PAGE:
The cruise to Stellwagen’s south west corner was an easy one in the flat calm conditions. We anchored up right on the edge of the Bank and started chumming. We had seals and whales around the boat and bucket loads of mackerel beneath – plenty of marine life in the area.
Speaking of life, we noticed many small shrimp and minnows (no larger than 1 inch) in the water around the boat. There were also jelly fish just about everywhere we looked. Maybe this is why the mackerel were in so thick on the Bank. To be quite honest, the mackerel fishing on Stellwagen was nothing short of epic yesterday, with full stringers of mackerel on just about every single drop of the sabiki rig.[slideshow id = 39]
Tuna Fishing Cape Cod Bay | Jumping Bluefins
At around noon time I decided to scan the horizon with the binoculars in hopes of seeing birds and/or tuna. Conditions were amazingly clear. I could easily see the smoke stack of the power plant at the Canal’s east entrance – some 30 or so miles away.
As I was scanning the southern horizon I picked up on a flock of birds working the deep water just west of Provincetown inside Cape Cod Bay. I focused in on the birds when out of nowhere a tuna launched itself straight clear from the water. I continued watching without saying anything to the crew (Mazzola and my Dad), just to be sure that I was not hallucinating. Within a few moments another bluefin came hurdling straight clear from the water and crashed back down. Then another, and another, and another!
“Guys there are tuna jumping straight clear out of the water just to the south of us” I said to the crew. That was all it took and within a few minutes we were on our way to the area.
Whether moving was a wise choice or not is up for debate, but it is hard not moving after seeing big tuna flying through the air. We reset anchor and began chumming like crazy in 200 feet of water inside Cape Cod Bay. Things felt right.
I continued scanning the horizon with the binoculars but not surprisingly the tuna were nowhere to be found. Bluefin tuna travel at amazing speeds, and those fish that we initially saw could have been miles away by the time we arrived. Nevertheless we had whales off in the distance and dolphins around the boat – good signs when you are tuna fishing Cape Cod Bay.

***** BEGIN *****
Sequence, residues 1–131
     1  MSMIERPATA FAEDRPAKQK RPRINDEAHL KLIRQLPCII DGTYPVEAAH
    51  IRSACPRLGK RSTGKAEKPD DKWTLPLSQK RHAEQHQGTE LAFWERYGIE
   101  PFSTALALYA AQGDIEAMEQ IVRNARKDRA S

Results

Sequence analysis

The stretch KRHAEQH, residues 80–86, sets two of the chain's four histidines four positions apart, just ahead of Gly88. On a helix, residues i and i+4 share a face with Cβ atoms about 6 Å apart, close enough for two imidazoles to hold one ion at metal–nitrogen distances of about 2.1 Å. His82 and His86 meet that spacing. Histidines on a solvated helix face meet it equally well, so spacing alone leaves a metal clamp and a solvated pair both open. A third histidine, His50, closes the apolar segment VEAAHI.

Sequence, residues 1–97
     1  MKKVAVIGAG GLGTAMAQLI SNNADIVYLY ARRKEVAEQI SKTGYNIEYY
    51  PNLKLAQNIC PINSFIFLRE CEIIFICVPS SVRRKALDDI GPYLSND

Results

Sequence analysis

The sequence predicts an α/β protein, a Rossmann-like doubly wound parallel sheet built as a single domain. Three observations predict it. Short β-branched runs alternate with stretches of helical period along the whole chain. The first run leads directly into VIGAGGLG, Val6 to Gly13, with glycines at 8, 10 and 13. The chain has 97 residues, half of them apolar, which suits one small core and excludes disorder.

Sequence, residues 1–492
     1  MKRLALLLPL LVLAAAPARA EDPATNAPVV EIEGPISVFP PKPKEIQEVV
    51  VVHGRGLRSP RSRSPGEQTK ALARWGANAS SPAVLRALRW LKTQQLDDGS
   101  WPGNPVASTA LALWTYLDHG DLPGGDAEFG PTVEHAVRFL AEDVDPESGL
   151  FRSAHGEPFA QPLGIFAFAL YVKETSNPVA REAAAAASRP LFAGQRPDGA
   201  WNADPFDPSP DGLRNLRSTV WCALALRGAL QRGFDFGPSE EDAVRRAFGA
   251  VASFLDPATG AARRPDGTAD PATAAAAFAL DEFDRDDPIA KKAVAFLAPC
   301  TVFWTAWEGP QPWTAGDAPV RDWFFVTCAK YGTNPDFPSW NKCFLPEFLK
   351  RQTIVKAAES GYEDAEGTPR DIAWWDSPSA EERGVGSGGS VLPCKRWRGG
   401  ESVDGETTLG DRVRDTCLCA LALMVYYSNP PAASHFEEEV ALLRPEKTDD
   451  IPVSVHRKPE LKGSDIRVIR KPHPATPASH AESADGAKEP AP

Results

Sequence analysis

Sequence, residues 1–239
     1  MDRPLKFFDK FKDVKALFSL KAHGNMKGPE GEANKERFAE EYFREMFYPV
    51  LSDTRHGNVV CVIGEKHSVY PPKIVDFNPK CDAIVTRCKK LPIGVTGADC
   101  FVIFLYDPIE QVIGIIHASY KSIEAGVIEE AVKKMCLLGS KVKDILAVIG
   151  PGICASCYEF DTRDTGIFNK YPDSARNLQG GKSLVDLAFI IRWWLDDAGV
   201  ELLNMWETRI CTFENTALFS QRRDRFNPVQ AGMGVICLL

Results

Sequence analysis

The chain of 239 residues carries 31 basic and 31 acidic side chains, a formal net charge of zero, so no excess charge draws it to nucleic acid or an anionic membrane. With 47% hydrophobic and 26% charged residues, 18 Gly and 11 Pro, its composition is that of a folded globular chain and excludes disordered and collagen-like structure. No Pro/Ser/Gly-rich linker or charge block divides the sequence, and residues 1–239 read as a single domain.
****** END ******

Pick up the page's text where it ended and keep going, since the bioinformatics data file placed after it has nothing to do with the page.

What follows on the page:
The dog fish were not all that bad inside the Bay but we did catch a few. The whiting bite was also pretty good. For once we had no trouble at all catching bait yesterday.
Despite chumming like crazy we did not get lucky yesterday with tuna. No bites for us despite seeing those fish break the surface. I also spoke with Paul M., a member here on the blog who reported seeing 100 – 150 pound tuna surfacing in the southern part of Cape Cod Bay. Both sightings were fleeting, with the tuna here one minute and gone the next.
Thanks again Paul for the intel – much appreciated!
If the weather for Saturday holds we may give tuna fishing Cape Cod Bay another try. Who knows what Sandy will do to the tuna bite, so we might as well give it a shot while we can.
Best of luck this weekend if you head out fishing. The mackerel bite is hot, there are still some bass around and the tuna are most certainly still present in the waters off Cape Cod.
As always feel free to email me at email@example.com if you have any questions. If you are new to the blog, please feel free to introduce yourself as well – it’s always nice speaking with new readers.
Thanks as always and tight lines,